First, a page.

Reading the Bible in another language often provides insights into the finer shades of meaning, especially if it’s in the original language used to write it in the first place. I use the Hebrew and Greek versions when I want to get to the bottom of a tricky or uncertain verse, or when I want to discover some of the alternative definitions of the words used that haven’t translated across to the English. For example, there are four different words in Greek that are all translated into the English language as “love”, and each one has a different meaning. CS Lewis has a famous book about this topic called The Four Loves.

There’s more: reading the Bible in Coptic tells me a little about how our ancient forefathers (and mothers) interpreted the Bible. A translation can tell you a lot about the translator. Many words in one language will have no directly equivalent word in another language, so the choice of words, the choice of shades of meaning in the translation tells you what the translator thought was most important in the original. Reading it in Coptic, you can imagine St Anthony walking into the Church as a young man and hearing those exact Coptic words thundering down from the lectern to pierce his heart with longing to follow Christ. The way the phrases are structured in Coptic builds a slightly different picture in my head to that I get when I read it in English.

That’s also why I pray a Coptic liturgy every Thursday. I’m still learning, so it’s only about three-quarters Coptic so far, but growing. There is something different about our liturgy when it’s prayed in Coptic. Perhaps it is because the melodies were made for these words. Or perhaps again it is the sentence structure and the use of the specific words chosen. I am not sure, but I do know that the Coptic liturgy is a precious jewel in our treasure box of Coptic heritage. It needs a lot of effort to learn the language and come to appreciate it, but in my experience, it is effort that is rewarded many-fold.

And finally, there are those who wish to bring Coptic back to life. What a great thing that would be! There are virtual communities out there, such as Remenkimi, who regularly communicate in Coptic – that’s right, they exchange Coptic language emails. Anyone who’s interested in learning more about Coptic will find a wealth of information at their website (www.remenkimi.com).

A word of warning: while the learning and use of Coptic in our spiritual lives can be greatly beneficial, some people can take it a bit too far and become fanatical about it. Coptic should never be forced upon people – it should be a choice they can make if they wish to. There are many who know not the slightest scrap of Coptic and still enjoy deeply fulfilling lives within the Coptic Church, and that is as it should be, for our Church is about Christ, after all, not a human language or culture. It may not be for everyone, but learning Coptic is worthwhile for those who are interested in languages, and those who are interested in authentically experiencing the ancient and unique Coptic spiritual heritage in all its native glory.

Ougai!

Fr Ant

PS HH Pope Shenouda III Coptic Theological College offers courses in Coptic, Hebrew and Greek languages. I can also strongly recommend a “do-it-yourself” Coptic primer by Sam Younan enticingly titled “So You Want to Learn Coptic?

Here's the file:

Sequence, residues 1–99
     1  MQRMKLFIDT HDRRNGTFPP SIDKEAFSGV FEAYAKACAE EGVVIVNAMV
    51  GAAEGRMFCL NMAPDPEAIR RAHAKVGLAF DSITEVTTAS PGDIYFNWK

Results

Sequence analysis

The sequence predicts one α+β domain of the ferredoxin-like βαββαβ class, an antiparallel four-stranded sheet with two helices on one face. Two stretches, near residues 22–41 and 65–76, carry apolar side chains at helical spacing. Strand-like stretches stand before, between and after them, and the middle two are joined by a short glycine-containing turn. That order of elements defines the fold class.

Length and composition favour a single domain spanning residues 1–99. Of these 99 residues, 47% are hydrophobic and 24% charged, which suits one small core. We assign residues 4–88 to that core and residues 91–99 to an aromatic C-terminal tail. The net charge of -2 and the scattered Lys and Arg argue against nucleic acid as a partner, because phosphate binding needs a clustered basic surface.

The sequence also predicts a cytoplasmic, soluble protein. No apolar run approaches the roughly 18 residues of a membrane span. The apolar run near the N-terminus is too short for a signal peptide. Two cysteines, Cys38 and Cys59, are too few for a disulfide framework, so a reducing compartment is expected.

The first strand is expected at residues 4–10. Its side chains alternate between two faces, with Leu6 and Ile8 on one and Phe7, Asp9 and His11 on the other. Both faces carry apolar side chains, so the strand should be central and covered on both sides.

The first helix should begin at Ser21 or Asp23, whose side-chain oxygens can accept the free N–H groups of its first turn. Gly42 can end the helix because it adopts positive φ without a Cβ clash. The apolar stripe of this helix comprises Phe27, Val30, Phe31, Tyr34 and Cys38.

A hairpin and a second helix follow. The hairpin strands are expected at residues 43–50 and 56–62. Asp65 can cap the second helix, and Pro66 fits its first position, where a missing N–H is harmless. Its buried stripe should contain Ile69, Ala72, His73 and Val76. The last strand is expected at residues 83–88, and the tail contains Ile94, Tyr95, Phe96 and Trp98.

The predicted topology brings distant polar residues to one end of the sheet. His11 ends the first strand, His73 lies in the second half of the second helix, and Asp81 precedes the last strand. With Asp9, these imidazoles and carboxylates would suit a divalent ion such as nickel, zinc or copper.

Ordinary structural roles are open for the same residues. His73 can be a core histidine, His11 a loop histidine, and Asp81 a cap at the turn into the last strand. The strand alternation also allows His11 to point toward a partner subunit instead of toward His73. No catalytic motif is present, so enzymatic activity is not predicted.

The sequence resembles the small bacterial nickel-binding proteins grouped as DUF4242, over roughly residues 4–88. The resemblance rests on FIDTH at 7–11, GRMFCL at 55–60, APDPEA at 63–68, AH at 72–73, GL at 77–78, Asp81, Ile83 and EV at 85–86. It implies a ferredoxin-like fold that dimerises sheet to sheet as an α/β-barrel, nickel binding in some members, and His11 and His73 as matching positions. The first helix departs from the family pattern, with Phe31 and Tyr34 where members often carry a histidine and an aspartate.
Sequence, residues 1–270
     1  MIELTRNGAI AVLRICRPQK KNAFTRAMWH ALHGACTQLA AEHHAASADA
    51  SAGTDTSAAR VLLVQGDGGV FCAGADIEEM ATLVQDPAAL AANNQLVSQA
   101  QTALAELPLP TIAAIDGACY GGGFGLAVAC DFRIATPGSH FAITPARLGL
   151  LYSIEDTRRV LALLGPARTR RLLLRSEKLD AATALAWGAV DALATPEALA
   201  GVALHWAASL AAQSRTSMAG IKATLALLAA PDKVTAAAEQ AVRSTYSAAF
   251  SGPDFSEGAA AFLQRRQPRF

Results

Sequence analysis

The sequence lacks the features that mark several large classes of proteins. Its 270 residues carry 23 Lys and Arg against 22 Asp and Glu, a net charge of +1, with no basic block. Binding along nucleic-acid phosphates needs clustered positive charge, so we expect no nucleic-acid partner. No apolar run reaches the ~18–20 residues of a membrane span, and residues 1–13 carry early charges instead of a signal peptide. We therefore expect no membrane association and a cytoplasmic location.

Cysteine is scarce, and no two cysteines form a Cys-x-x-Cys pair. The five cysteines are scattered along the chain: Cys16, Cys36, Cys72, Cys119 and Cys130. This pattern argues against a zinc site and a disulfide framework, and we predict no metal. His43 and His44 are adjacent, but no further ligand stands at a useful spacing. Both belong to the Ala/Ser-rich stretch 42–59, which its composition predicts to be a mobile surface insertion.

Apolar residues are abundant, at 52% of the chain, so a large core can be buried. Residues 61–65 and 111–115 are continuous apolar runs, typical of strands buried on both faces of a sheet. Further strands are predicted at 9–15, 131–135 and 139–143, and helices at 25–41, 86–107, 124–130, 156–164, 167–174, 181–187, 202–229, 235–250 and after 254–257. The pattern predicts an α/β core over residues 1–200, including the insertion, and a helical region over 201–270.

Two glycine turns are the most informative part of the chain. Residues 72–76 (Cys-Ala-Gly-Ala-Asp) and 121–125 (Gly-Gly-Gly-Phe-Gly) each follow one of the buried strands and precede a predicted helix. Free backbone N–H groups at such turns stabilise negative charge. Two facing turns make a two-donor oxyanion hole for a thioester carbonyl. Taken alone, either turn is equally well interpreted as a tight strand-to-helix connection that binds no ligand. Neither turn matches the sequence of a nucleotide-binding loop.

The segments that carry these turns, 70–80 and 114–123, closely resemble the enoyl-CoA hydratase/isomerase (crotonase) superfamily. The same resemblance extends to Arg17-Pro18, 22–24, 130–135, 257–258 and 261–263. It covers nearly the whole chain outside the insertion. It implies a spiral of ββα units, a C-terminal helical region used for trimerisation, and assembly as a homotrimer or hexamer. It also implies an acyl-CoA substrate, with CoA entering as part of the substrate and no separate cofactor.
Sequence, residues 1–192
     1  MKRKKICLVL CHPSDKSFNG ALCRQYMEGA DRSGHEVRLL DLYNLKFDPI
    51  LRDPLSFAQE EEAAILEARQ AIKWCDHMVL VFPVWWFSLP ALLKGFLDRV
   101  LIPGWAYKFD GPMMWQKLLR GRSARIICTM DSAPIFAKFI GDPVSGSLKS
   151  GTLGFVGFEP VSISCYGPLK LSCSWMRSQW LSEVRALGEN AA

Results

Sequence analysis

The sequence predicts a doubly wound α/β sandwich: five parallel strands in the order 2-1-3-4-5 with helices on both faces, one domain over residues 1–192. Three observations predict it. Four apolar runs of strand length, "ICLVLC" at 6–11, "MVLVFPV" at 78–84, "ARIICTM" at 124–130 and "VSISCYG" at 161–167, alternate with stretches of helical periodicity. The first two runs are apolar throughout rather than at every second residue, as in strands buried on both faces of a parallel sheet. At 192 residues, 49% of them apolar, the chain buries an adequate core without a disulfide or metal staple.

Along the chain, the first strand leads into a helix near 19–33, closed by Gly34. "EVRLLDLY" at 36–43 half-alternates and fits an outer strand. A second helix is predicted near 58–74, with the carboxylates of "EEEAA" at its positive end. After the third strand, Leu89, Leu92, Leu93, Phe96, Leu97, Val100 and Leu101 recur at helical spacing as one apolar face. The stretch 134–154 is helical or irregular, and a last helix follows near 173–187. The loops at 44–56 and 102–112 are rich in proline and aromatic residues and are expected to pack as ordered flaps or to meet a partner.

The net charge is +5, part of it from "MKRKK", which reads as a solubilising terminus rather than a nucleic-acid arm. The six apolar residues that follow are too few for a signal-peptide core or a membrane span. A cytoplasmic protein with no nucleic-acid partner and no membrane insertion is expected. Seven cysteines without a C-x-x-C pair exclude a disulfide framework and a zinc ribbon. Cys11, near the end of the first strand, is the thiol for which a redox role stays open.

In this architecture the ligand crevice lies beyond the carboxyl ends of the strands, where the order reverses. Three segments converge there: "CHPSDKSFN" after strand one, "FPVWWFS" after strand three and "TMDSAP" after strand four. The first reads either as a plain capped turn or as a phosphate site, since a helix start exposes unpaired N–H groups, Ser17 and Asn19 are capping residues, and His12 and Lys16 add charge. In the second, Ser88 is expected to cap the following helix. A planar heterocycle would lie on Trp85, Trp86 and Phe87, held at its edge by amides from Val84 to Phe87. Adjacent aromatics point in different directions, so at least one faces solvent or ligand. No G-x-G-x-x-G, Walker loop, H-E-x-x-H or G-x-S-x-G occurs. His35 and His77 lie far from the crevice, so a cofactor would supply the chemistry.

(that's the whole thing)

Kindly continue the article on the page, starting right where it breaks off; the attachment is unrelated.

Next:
A Different Praise

I was a newly ordained priest and we travelled to Alexandria to spend some time learning about service from a very well established Coptic community. We were privileged to be the guests of Fr Tadros Yacoub Malaty and his wife, Tasoni Mary. Fr Tadros is one of the foremost theologians and authors in the Coptic Church today. He has represented the Church on innumerable occasions at theological dialogues and discussions, written dozens of widely read books and is the oldest living representative of the Alexandrian branch of pastoral service that was developed by the late Fr Bishoy Kamel. So it was a very special honour to be allowed to pray a liturgy with Fr Tadros.
In his prayers at the altar, he lived up to all I had read about Fr Bishoy Kamel. His prayers were clearly heartfelt and he did not indulge in long melodies, but employed a simple and beautiful tempo that met the needs of those who wish to contemplate as well as those who have commitments for which they must not be late.
But his behaviour when he was not praying at the altar surprised and confused me. He sat or stood away in a nook of the sanctuary, writing. Writing! He was working on a book.
Now I had already learned that Fr Tadros does not waste an instant of his life. Even the photo we got to take with him shows him holding a phone to his ear! But surely, the liturgy is the time to put everything else aside and focus on God, isn’t it? Aren’t you supposed to drop your worldly cares and just lift your mind up to Heaven? Why was this pillar of the Church behaving so strangely, seemingly disregarding the liturgy that he was attending?

The Bible makes it clear that praising God is one of the chief forms of prayer. The phrase, “Praise the Lord…” is found 51 times in the NKJV of the Bible. “Praise Him…” is found a further 18 times, and of course, there are many other forms of saying the same thing.
The traditional form of praising God is well known. To sing hymns to Him, ideally with the full concentration of the mind and the full commitment of the heart. To lose oneself in the beauty of God is the ideal form of praise.
But when we delve into it, when we come to the core meaning of praise, we may find that there are other activities that are also, at their heart, a form of praising God. For example, a curious mind may praise God by exploring the world He has created if it is always conscious of the fact that there is a Creator behind this incredible creation. The scientist exploring the workings of subatomic particles or of the human body experiences this. The astronomer gazing out into the dark depths of space through his telescope, may feel that he is looking into the mind of God. The avid reader, enjoying a well-crafted novel and all of the issues and ideas it touches upon, seeking to differentiate right from wrong, justice from injustice, uncovering truths about the human condition: in all of these, the person is exploring the mind of God who created these things. If one approaches them with the right attitude, these activities become, in themselves, a prayer of praise.